text size

What's the Difference between Mercy and Grace?

Top comments

{{ annotation.praises_count }} Likes
{{ annotation.creator_alias }}
{{ annotation.creator_score }}

There are no comments yet. Be the first to start comment or request an explanation.

What is the difference between mercy and grace? Mercy and grace are two vital Christian terms whose meanings are often misunderstood. In short, mercy is God not giving us what we do deserve; grace is God giving us something we do not deserve. In Habakkuk 3:2, the prophet asks the Lord to "in wrath remember mercy." Despite God's judgment, He asked for God to relent and not pour out the full wrath they deserved. King David sought this mercy in Psalm 51:1-2 in confessing his sin: "Have mercy on me, O God, according to your steadfast love; according to your abundant mercy blot out my transgressions. Wash me thoroughly from my iniquity, and cleanse me from my sin!" Despite his many failures, David asked God to relent and not bring upon him the full consequences of his sin. Grace, on the other hand, is God extending favor toward us that we do not deserve. Both Ephesians 2:5 and 2:8 state it is "by grace you have been saved." God's salvation comes from His grace. Some describe grace as unmerited or unearned favor. In theology, two kinds of grace are often distinguished. Common grace is defined as God's grace given to all humanity regardless of their response to Him. This can include the beauty of creation, the provision of food and other essentials, and every good thing that happens to a person regardless of whether the person is a believer or unbeliever. Saving grace is grace from God that provides salvation to a person. This is the grace described in Ephesians 2:8-9 that states, "For by grace you have been saved through faith. And this is not your own doing; it is the gift of God, not a result of works, so that no one may boast." Both perfect mercy and perfect grace are found in Jesus Christ. Through His sacrifice on the cross, He has provided a way of escape or mercy from the consequences of sin (John 3:16; Romans 5:8). God has extended grace by providing salvation and proclaiming salvation to us through the Son, His teaching in Scripture, and through the Spirit of God at work among us. Hebrews 4:16 blends these two ideas in one powerful statement, teaching, "Let us then with confidence draw near to the throne of grace, that we may receive mercy and find grace to help in time of need." Our only rightful response is to accept both God's mercy and His grace and accept the eternal life He offers through Jesus Christ. Through this salvation, we receive the mercy of forgiven sin and the grace of life in Christ, including eternity with Him. Jesus has come to give us life, and life abundantly (John 10:10). Read more: http://www.compellingtruth.org/mercy-grace.html#ixzz3b0fZu2eF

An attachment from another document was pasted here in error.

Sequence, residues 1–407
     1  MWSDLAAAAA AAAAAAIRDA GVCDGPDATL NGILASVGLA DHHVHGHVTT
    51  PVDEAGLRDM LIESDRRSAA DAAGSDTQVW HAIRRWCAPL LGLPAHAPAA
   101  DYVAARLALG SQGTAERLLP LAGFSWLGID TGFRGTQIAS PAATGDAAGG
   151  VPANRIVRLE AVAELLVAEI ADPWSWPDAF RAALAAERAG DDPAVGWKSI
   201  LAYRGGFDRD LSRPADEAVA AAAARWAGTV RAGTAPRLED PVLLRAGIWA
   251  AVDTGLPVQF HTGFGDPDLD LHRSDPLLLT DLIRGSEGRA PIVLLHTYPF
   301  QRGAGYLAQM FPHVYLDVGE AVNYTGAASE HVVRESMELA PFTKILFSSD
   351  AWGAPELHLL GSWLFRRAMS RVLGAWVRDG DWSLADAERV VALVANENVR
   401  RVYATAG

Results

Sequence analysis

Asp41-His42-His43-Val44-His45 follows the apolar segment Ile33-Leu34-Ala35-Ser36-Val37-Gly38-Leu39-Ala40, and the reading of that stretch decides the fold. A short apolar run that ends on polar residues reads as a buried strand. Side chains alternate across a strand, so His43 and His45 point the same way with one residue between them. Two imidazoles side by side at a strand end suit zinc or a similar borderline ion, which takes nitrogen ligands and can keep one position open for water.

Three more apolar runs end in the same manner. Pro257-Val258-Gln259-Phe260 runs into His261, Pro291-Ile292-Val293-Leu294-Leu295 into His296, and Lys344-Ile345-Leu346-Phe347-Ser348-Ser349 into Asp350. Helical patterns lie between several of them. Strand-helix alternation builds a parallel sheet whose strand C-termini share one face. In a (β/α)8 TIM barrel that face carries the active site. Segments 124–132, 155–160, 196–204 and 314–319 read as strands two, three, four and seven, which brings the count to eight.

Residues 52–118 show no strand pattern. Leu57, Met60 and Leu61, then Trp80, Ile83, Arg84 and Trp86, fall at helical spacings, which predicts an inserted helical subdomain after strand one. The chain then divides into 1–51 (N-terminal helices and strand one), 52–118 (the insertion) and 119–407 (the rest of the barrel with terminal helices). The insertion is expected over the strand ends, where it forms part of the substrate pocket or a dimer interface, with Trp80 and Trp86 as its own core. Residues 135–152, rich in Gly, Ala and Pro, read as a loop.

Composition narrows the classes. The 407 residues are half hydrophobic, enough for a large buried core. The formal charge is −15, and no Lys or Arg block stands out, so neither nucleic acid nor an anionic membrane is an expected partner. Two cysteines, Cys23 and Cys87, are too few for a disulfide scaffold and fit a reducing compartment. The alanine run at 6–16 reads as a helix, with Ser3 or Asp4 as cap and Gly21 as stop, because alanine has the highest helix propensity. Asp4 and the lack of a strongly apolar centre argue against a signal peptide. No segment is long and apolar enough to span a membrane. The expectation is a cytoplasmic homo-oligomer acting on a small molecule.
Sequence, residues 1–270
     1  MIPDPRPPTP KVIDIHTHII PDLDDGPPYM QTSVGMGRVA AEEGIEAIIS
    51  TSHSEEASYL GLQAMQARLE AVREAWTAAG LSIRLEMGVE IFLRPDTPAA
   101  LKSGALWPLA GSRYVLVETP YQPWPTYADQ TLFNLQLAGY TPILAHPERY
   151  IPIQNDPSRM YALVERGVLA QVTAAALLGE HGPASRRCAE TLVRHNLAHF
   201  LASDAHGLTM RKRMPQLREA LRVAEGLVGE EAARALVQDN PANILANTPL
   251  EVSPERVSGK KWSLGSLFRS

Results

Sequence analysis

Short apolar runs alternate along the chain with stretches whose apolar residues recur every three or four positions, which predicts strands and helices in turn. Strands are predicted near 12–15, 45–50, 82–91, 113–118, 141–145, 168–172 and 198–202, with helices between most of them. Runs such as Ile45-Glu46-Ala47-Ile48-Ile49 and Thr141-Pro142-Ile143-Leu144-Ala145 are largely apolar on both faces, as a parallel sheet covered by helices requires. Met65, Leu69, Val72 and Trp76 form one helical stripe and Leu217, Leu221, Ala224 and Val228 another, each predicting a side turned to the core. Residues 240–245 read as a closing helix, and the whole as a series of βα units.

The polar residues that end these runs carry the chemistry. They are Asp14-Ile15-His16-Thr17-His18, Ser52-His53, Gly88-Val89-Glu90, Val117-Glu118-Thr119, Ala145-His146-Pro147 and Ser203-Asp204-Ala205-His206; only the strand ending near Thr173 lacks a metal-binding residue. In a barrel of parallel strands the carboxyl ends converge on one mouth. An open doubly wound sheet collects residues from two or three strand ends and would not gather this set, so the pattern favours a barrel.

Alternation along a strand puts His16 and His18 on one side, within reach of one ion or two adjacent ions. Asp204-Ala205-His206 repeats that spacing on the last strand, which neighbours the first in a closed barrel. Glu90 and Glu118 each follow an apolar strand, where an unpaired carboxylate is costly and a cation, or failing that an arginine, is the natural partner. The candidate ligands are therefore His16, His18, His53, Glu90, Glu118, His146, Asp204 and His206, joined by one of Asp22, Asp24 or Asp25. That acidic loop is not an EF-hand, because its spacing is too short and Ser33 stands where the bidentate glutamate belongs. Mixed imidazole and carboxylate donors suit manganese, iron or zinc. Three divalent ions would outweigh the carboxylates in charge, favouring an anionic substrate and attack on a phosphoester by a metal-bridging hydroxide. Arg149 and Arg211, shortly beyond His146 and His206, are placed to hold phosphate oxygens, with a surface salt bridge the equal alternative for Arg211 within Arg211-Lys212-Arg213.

read all comments

1 Sarah R = "What we deserve = punishment for sin.What we do not deserve  = salvation, forgiveness, eternal life, God's Spirit within us, and so much more."
2 Sarah R = "We may recall from 2 Samuel that David sinned by lusting after Bathsheba, commiting adultery with her, and then having her husband killed. Three sins in quick succession. When confronted with his sin, David cried out, "I have sinned against the LORD" (2 Samuel 12:13). In Psalms 51:4 he acknowledges, "Against thee, thee only, have I sinned." We can definitely cause harm to others when we sin. But ultimately we are not accountable to others  - we are accountable to God. Therefore, all sin is a sin against God and His Lordship in our lives."
3 Sarah R = "Jesus said, "He causes his sun to rise on the evil and the good, and sends rain on the righteous and the unrighteous." Matthew 5:45"